May 2015


In our continuing effort to better serve our clients, we undertook the process of updating our website with the help of our marketing company, The Marketing Department Worldwide, West Chester, PA.  Our improved website is now live and we hope that you will find it more user friendly.

Why when you have an existing working website would you want to go through the time consuming process of updating? Here are some of the reasons as to why we decided to undertake this process.

  • Update the look of the website for aesthetic purposes – stay up to date with current design trends.
  • While Web applications serve personal needs and business functions almost in every area, the responsiveness and performance of Web applications is the key factor to their success.   Older designed websites may not have a way for users to easily generate content on their website, such as blog articles or FAQ’s.
  • Update the code and technology that powers the site. Older sites may contain flash (which google cannot read) or other types of outdated coding that makes it difficult for search engines to read.
  • Improve navigation (better user experience).

All of the above upgrades increase your Search Engine Optimization (SEO), and helps your business to be found online when people are searching. Our website is a representation of who we are and we want our visitors to have a beneficial experience.

Former New York City Mayor Ed Koch used to ask “How’m I doing?” In order to learn how our new website is doing I would appreciate your taking a few minutes to visit Should you have any comments, please email them to Your insights are valuable to our ability to continue to improve the website with you in mind. Thank you.

I hope you had an enjoyable Memorial Day weekend!

With best wishes,

Ira Brower

Inheritance Protection Plans

Thoughtful planning may create a lasting legacy.

Those who have built wealth during a lifetime of hard work are rightfully concerned about how best to use that wealth for family financial security.  As has been noted often, the wealthy want their heirs to have enough to be able to do anything, but not so much that they don’t have to do something. Now more than ever, a family fortune is something to be protected and nurtured.
What is the answer?  How can wealth be conserved and deployed on a long-term basis for the benefit of heirs?  Trusts could be the answer, for many families.
Trust planning comes immediately to mind when planning for a surviving spouse or an heir who is a minor. With a trust one gets professional investment management guided by fiduciary principles.  But what about when the children are fully grown, established in their careers and financially mature, in their 30s or even 40s?  Even then, trust-based planning will be an excellent idea for many affluent families.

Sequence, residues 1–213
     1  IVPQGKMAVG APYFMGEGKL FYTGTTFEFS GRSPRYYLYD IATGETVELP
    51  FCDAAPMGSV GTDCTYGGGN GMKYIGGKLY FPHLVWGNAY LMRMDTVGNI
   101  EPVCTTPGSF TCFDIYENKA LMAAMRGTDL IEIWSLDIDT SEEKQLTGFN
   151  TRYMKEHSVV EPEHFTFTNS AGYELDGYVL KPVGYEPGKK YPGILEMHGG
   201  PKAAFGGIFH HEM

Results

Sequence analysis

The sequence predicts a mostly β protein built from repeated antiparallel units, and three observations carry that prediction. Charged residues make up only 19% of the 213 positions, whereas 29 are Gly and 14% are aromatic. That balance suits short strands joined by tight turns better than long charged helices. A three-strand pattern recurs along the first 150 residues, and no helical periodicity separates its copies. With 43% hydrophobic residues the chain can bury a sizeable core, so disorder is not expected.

Trust advantages

Among the key benefits that can be built into a trust-based wealth management plan:
            Professional investment managementA significant securities portfolio is a wonderful thing to have, but it requires serious care and attention, especially when economic growth is weak; interest rates are low; and taxes are uncertain. How can adequate income be provided to beneficiaries without putting capital at risk?  What is the best balance between stocks and bonds?
            Creditor protection. One of the most frequent questions that we hear is, “How can I keep my money and property out of the hands of my son-in-law (or, sometimes, my daughter-in-law)?” answer: Use a trust to own and manage the property, and give your heir the beneficial interest in the trust instead of the property.  A carefully designed trust plan can protect assets in divorce proceedings, as well as protect from improvident financial decisions by inexperienced beneficiaries.
            Future flexibility. Parents typically have a fuzzy definition for treating their children “equally.” As each child is unique, his or her needs may need financial support that is out of proportion to that of siblings.  By utilizing a trust for wealth management, one may give a trustee a similar level of discretion, permitting “equal treatment” on something other than gross dollar terms.  The trust document may identify the goals of the trust and provide standards for measuring how well the goals are being met for each of the beneficiaries.
We specialize in trusteeship and estate settlement. We are advocates for trust-based wealth management planning.  If you would like a “second opinion” about your estate planning, if you have questions about how trusts work and whether a trust might be right for you, we’re the ones you should turn to.  We’ll be happy to tell you more.

Trusts for children

Support trust For an adult child who needs a permanent source of financial support, with the trust principal protected from the claims of creditors, a support trust may provide a solution.  The beneficiary’s interest is limited to just so much of the income as is needed for his or her support, education and maintenance.